PEBBLE BEACH, Calif. (AP) Winning has come so quickly for Jordan Spieth that even at age 23, he wondered if he took it for granted.
He got some perspective from a victory Sunday at the AT&T Pebble Beach Pro-Am that was dull as it was dominant.
Few walks up the 18th hole are more enjoyable than Pebble Beach, especially with the sun gleaming off the Pacific and the sound of waves on the shore. It’s even better with a four-shot lead, with nothing left to do but hoist the trophy.
Spieth’s four-shot victory after closing with a 2-under 70 was the ninth of his PGA Tour career in 100 tournaments, making him the youngest player since Tiger Woods to claim that many titles.
”I remember walking up 18 today thinking to myself, ‘I don’t think that I’ve enjoyed the wins as much as I’ve talked to myself about the losses,”’ Spieth said. ”I don’t think I’ve really enjoyed on the inside how much it takes to win out here and the hard work that goes into winning.”
He sure made it look easy.
Spieth effectively won this tournament late Saturday afternoon, when he took only 10 putts on the back nine and closed with three birdies over his final four holes to build a six-shot lead.
He thought about Woods when he set out to play the final round.
Spieth was only 6 when Woods won the 2000 U.S. Open at Pebble Beach with a record 15-shot victory. Woods set a private goal of not making a bogey in the final round, and he wound up playing the final 26 holes without dropping a shot.
”I don’t remember watching it, but I remember watching highlights of Tiger trying to hold his bogey-free round when he had such a big lead,” Spieth said. ”That was kind of his goal. That was mine today. Hey, let’s try and keep a clean card. … Played a lot of boring golf today, which is exactly what was needed.”
Spieth played his final 28 holes without a bogey, not as remarkable as what Woods did in U.S. Open conditions, but it did the trick.
No one had much of a chance.
Spieth putted for birdie on all but one hole. The one time he was in trouble, with a shot that went long of the 13th green, he hit a flop shot up to 5 feet and saved par. The other 17 holes, his longest two par putts were from 3 feet.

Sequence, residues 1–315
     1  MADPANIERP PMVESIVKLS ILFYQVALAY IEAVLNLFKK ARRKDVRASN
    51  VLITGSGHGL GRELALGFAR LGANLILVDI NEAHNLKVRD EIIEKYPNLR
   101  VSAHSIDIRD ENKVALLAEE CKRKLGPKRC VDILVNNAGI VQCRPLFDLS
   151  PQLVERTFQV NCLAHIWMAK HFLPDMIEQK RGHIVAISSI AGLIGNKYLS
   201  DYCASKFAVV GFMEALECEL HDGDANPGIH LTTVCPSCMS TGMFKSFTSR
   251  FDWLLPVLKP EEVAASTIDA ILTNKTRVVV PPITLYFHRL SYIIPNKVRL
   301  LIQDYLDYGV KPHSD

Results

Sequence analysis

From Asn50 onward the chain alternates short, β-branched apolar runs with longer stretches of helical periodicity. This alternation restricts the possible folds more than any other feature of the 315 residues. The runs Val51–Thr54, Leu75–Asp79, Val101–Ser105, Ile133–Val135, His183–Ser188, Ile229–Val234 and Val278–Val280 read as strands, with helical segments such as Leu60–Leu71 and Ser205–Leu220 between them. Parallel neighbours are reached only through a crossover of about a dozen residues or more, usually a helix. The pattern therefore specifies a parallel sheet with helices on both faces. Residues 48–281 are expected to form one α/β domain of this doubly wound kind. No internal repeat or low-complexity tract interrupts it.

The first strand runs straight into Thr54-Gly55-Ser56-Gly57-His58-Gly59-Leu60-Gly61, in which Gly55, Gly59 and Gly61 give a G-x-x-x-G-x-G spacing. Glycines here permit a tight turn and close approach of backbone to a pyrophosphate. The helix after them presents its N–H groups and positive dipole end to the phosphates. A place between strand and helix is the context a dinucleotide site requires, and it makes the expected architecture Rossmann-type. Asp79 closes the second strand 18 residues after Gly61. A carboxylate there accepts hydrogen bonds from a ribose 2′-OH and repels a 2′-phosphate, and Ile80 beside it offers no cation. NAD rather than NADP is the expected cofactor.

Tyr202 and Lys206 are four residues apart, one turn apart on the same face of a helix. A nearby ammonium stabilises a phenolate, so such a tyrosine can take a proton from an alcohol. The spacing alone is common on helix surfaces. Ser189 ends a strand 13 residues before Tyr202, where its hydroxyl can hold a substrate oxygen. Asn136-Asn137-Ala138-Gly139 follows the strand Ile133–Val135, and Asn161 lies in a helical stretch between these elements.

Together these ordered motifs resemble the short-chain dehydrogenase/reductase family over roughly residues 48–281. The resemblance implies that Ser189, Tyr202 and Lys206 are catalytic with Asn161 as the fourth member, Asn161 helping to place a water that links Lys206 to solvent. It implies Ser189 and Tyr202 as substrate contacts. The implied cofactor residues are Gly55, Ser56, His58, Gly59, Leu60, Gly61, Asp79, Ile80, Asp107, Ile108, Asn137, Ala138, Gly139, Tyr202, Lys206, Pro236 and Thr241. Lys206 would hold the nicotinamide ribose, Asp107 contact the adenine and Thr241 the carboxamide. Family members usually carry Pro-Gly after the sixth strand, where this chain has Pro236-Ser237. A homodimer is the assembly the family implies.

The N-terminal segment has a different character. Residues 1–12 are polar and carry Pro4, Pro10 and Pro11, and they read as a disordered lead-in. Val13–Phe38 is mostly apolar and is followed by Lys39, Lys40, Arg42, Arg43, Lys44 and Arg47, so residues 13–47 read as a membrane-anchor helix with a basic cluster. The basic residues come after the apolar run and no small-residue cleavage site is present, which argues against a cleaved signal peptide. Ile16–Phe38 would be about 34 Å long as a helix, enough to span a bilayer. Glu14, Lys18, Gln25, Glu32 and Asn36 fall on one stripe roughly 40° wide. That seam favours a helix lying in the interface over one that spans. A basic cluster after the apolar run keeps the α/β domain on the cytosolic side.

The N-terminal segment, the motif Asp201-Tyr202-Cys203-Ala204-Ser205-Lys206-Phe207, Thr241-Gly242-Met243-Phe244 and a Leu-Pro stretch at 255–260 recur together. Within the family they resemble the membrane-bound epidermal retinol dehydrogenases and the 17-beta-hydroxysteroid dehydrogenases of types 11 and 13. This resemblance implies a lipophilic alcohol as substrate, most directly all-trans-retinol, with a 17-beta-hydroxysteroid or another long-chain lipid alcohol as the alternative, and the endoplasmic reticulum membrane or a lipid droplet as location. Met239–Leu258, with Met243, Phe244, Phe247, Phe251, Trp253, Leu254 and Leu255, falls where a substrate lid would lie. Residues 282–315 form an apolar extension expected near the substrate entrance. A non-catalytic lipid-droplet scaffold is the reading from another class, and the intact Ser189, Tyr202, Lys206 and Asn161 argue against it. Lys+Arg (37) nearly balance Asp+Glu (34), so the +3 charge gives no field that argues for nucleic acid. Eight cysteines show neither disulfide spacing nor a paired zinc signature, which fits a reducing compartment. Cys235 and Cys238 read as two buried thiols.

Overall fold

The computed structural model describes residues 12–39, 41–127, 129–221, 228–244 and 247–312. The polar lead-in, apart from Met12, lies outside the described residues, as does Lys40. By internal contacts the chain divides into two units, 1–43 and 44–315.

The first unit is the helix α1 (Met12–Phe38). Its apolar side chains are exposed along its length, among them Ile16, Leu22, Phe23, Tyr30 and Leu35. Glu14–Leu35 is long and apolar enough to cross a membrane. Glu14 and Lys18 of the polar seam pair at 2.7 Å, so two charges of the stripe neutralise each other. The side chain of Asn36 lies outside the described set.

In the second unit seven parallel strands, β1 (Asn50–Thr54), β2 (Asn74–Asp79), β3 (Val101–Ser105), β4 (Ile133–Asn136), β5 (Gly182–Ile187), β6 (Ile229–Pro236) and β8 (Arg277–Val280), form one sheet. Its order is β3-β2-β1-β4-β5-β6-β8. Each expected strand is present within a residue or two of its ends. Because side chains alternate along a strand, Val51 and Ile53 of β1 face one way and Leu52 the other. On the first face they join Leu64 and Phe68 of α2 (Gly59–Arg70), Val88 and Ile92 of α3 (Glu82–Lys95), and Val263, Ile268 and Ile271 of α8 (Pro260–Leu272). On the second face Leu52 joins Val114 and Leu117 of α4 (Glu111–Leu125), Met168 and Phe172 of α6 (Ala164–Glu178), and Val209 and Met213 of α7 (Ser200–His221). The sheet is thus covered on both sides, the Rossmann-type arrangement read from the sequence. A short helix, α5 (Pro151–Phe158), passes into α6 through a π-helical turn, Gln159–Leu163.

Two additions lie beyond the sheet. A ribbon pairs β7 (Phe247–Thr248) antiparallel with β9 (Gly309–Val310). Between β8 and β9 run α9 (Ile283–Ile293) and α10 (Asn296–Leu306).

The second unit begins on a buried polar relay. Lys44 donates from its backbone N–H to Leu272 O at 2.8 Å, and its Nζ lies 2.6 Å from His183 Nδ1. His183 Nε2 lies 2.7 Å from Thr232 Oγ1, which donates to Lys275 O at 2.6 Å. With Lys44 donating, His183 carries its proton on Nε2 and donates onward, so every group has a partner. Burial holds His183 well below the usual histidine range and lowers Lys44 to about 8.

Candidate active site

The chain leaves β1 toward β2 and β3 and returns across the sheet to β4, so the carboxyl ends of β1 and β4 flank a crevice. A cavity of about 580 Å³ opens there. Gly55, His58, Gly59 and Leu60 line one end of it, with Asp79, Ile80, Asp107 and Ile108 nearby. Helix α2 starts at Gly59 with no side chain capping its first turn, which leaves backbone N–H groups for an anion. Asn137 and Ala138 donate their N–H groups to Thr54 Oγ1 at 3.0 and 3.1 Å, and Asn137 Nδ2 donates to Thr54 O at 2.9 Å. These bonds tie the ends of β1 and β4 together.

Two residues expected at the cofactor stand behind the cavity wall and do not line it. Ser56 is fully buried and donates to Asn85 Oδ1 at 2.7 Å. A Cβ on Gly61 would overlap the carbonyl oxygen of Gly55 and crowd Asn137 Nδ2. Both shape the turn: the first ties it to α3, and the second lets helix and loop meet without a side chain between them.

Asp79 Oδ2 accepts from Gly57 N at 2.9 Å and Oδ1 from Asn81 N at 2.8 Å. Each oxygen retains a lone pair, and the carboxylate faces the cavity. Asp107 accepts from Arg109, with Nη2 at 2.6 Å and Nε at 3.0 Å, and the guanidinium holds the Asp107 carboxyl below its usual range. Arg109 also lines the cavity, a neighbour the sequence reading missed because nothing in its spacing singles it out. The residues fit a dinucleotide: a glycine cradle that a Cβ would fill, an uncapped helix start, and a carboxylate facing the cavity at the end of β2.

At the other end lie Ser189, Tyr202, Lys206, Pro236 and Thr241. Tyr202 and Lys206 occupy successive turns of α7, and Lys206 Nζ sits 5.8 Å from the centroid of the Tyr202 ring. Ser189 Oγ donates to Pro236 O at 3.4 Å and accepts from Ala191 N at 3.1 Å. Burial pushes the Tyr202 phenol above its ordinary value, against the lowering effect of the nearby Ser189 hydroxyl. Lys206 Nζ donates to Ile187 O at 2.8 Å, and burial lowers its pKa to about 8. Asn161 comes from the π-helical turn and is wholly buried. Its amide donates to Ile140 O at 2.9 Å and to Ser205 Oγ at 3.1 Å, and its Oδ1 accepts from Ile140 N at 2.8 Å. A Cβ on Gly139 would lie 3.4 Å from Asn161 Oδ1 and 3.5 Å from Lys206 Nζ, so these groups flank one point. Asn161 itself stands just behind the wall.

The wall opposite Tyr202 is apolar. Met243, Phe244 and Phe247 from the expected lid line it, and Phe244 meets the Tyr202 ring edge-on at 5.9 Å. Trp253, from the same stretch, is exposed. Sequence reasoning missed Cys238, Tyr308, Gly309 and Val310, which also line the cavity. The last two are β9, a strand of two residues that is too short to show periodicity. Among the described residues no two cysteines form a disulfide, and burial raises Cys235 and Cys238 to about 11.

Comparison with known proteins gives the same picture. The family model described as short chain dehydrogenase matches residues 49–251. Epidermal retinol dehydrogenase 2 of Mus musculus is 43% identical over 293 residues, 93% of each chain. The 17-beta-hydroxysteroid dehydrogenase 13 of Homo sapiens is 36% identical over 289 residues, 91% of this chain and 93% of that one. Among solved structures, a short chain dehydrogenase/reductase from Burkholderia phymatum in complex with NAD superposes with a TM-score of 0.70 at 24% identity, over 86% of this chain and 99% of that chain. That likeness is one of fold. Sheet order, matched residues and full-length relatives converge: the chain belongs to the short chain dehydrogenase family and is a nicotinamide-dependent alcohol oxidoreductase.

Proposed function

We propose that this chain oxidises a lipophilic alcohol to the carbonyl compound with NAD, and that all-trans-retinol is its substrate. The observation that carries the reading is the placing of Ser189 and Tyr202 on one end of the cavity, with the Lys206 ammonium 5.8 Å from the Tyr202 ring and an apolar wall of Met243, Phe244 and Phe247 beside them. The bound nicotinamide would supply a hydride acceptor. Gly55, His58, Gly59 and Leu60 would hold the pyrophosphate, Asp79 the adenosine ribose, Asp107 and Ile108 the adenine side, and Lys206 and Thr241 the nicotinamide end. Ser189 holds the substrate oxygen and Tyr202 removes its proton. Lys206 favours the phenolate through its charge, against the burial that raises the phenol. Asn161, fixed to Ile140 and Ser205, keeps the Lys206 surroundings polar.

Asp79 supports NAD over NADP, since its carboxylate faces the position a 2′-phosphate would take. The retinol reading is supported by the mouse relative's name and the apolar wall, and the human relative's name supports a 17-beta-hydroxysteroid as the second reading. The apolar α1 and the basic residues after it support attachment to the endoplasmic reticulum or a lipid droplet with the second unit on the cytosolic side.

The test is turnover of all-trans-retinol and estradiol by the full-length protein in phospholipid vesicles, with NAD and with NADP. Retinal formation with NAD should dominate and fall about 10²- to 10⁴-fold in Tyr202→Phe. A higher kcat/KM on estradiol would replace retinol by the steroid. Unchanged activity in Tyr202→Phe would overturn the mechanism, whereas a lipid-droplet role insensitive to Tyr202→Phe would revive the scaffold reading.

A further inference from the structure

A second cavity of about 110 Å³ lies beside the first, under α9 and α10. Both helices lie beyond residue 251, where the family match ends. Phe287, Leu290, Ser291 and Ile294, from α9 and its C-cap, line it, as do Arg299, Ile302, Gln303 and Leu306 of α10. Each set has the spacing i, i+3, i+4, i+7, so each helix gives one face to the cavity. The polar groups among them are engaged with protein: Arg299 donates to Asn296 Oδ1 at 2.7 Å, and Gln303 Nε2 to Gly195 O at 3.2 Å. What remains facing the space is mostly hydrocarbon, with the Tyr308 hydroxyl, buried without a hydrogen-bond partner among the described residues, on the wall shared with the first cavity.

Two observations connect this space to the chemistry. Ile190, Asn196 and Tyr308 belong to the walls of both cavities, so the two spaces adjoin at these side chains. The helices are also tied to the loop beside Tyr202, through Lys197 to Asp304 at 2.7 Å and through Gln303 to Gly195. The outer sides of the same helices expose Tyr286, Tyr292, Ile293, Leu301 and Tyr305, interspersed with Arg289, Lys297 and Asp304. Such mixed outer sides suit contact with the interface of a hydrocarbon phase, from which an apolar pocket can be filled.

”He did exactly what he was supposed to do and played a great round of golf,” said Brandt Snedeker, a two-time Pebble winner who played in the final group with Spieth and shot 70 to finish fourth. ”Sometimes those are the hardest rounds of golf, when you have the lead that he had. It was fun to watch him do his thing out there.”
Kelly Kraft, a former U.S. Amateur champion, was in the best position to apply a little pressure. He ran off four straight birdies on the front nine to get within four, made another birdie on No. 11 to get within three and didn’t make anything else the rest of the way.
This was a clinic.
”I didn’t rely on the putter at all today,” Spieth said. ”And to win that way is new for me, and it certainly kept some more hair on my head.”
Spieth didn’t move anywhere in the world ranking. He was at No. 6, but because he had fallen so far behind the top five, he stayed at No. 6. That figures to change over the next month during the latest battle for supremacy.
But his name, and the way he won with a combination of a reliable swing and his putting stroke, is sure to get attention.
Spieth was the seventh straight PGA Tour winner in his 20s. Justin Thomas (23) won back-to-back weeks in Hawaii. Hudson Swafford (29) won in the California desert. Jon Rahm (22) won at Torrey Pines and Hideki Matsuyama (24) won in Phoenix. Late last year, Mackenzie Hughes (25) won at Sea Island.
The difference is that Spieth now has as one fewer PGA Tour victory as the other six combined.
All but Rahm will be at Riviera next week for the Genesis Open, the strongest field of the year. It’s harder than ever to win on the PGA Tour. That hasn’t stopped Spieth from piling up victories.